An EC2 r3.8xlarge instance, which is based on Xeon E5 processors and that was certified for production HANA workloads even though it is not based on a Xeon E7, delivers 32 vCPUs and 244 GB of virtual memory with two 320 GB SSDs; it costs $2.66 per hour. The x1.32xlarge instance delivers 3.4X the performance using the EC2 Compute Unit (ECU) of the r3.8xlarge at a price per hour that is 5X higher. Considering that the Xeon E7 iron is not useful for generic workloads, this does not seem unreasonable. To many people, the cost of a virtual Xeon E7 server will be ridiculously high compared to buying one, but AWS is carrying it on its balance sheet and paying for power, cooling, space, and management and these are not free. Amazon is suggesting that customers who are using multiple R3 instances now to run distributed HANA clusters will be able to run these applications on a single X1 instance and save money. This only makes sense if they were memory bound on those R3 instances, which is more of a function of the skinny memoried E5 machines AWS was using than anything inherent in HANA. AWS should have been using fat memory to begin with for HANA, and we would argue it probably should be allowing it to run on all Xeon E5s.
Here is what a HANA Quick Start configuration looks like on AWS:
Over at Microsoft, Azure is getting four Large Instance types running Linux that are explicitly being delivered to run SAP HANA and applications like the S4/HANA ERP suite. Microsoft is going for the slightly faster Xeon E7-8890 v3 processor from the Haswell line, which spin at 2.5 GHz. Two of the Azure VMs for HANA have two processor and two have four processors, with the following memory and storage configurations:
Microsoft did not provide pricing for these HANA instances, which will be available in the third quarter, but it was clearly putting a stake in the ground knowing that AWS was making its announcements. Rockwell Automation and Nortek were trotted out as early adopters of the HANA on Azure services, but details of their setups were not divulged.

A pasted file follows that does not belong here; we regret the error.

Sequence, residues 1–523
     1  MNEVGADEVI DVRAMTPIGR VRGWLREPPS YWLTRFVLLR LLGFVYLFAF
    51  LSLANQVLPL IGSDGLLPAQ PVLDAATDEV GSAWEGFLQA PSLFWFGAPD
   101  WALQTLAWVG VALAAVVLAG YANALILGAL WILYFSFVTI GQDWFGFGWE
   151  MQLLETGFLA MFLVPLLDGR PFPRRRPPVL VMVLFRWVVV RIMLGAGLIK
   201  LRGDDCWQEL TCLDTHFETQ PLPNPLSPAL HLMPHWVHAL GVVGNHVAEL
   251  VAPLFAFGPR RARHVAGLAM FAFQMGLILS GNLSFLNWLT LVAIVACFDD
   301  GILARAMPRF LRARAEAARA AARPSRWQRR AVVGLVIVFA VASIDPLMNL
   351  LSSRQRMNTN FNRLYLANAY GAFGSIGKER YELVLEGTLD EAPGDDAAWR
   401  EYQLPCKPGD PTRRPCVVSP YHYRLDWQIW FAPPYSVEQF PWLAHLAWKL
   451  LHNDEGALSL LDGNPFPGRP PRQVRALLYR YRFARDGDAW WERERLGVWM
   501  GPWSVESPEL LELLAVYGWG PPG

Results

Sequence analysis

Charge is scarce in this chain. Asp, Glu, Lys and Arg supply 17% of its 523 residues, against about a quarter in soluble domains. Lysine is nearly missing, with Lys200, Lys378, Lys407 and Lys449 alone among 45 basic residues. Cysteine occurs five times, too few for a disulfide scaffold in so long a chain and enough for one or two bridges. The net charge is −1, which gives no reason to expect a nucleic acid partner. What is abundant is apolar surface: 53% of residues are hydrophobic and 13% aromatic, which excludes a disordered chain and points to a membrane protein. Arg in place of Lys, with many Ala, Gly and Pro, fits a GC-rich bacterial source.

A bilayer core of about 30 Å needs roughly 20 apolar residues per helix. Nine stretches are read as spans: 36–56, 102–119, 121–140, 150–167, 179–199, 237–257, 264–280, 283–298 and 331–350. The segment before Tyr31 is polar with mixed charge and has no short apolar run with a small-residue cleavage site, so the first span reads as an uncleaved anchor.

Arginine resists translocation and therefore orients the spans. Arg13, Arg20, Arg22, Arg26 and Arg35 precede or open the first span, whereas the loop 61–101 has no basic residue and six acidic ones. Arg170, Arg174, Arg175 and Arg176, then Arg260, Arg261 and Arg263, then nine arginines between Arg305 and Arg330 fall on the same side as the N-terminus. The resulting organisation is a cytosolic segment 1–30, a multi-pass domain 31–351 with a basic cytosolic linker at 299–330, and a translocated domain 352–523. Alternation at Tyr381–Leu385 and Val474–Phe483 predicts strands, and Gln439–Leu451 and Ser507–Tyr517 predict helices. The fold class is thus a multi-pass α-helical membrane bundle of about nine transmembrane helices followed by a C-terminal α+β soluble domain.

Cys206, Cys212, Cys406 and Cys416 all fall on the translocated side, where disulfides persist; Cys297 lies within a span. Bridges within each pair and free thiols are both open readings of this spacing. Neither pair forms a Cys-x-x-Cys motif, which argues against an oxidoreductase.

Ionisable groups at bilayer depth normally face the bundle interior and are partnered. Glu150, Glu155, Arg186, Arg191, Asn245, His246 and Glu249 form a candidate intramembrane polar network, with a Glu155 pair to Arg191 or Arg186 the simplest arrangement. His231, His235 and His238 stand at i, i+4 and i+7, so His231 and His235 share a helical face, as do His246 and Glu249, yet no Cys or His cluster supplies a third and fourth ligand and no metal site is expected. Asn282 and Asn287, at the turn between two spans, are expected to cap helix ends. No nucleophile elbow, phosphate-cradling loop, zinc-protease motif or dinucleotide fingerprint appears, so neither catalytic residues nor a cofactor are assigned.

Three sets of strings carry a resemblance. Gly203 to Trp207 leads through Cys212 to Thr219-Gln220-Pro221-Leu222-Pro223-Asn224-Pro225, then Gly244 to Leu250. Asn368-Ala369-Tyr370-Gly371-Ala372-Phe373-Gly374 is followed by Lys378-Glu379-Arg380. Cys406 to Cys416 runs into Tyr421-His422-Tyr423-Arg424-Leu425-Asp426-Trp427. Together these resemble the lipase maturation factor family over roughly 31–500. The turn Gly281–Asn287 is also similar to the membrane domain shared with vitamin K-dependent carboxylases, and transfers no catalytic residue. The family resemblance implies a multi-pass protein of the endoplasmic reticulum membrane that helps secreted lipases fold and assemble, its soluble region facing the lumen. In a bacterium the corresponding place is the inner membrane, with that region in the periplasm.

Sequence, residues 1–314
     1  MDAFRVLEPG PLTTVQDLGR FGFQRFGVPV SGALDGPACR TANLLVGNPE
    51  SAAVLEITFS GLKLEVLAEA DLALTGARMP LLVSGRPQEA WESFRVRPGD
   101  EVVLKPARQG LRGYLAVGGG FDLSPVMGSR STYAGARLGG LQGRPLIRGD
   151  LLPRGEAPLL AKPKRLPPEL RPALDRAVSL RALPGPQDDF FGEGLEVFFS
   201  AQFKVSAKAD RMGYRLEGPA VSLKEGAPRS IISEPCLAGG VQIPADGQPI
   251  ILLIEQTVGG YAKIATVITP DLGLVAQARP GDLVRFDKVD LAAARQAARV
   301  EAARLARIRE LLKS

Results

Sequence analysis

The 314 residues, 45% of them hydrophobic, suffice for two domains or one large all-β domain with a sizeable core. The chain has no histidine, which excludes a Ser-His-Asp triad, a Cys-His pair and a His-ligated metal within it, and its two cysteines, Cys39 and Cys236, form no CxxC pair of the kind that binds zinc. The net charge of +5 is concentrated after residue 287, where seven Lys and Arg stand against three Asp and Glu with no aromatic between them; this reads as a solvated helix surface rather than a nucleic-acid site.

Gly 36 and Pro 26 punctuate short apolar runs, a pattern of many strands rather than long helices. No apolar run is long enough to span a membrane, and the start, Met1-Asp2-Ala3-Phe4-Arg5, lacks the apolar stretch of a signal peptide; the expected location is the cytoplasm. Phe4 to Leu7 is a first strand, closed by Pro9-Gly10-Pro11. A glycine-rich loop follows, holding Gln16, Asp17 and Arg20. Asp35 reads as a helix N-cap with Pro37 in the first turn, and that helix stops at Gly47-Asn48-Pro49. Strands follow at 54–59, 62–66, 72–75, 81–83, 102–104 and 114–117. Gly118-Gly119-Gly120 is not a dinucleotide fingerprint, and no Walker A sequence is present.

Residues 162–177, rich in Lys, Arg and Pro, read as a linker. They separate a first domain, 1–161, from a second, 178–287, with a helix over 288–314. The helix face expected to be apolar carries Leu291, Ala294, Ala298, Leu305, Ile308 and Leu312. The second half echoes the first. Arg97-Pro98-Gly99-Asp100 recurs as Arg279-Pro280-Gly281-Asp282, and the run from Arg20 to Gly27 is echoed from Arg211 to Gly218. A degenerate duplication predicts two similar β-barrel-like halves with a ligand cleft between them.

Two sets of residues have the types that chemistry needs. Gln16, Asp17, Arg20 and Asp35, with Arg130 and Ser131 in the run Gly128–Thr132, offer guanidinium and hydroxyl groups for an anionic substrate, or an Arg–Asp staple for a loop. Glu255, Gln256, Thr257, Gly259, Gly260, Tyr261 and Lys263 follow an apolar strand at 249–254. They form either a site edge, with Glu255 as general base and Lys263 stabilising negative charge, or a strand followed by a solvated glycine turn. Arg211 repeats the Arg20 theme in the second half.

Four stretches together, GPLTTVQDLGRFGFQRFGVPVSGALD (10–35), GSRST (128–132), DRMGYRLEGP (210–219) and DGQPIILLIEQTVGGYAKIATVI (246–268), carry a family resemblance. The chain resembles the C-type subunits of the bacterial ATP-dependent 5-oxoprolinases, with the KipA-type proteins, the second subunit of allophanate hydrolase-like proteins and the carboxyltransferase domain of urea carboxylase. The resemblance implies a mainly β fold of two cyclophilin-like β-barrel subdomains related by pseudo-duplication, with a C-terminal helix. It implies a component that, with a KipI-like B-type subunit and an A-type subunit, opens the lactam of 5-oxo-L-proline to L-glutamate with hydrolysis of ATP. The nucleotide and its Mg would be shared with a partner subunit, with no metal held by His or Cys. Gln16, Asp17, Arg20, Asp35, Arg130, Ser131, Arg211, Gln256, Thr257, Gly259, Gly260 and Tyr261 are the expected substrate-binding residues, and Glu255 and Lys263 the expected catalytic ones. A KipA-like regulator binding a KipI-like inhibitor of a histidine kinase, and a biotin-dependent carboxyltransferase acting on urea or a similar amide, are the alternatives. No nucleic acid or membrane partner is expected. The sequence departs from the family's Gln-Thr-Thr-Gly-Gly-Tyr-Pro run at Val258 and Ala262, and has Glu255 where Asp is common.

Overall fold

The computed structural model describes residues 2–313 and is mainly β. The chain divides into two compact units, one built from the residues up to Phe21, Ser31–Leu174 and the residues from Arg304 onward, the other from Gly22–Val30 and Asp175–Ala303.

Microsoft has also committed to offering multi-node support for HANA scaling up to 32 TB of memory across the cluster and aimed at data warehousing and analytics workloads as well as single node instances for OLTP and OLAP workloads on Azure GS5 instances (which are based on Xeon E5 processors) with up to 3 TB of memory. So it looks like Xeon E7 is not the only game in town for HANA, at least on the clouds. Or there will be instances based on Xeon E7s. Microsoft was not clear, but if AWS can run HANA on Xeon E5s, then it looks like Azure will be able to as well.
Getting Your Own Bigger Iron
For in-memory jobs that require more shared memory than clouds like AWS and Azure can deliver, customers have to buy their own NUMA systems. As we have chronicled since SGI revamped its all-to-all topology in the UV 300 series machines and created a special version aimed at SAP HANA, the company believes that somewhere between 6 percent and 10 percent of HANA shops running OLTP workloads (rather than data warehouses) will need something larger than an eight-socket Xeon E7 machine, which tops out at 6 TB of shared memory with the Haswell generation. (It is not clear if the memory will be extended with the impending “Broadwell” Xeon E7 v4 processors, which are looming.)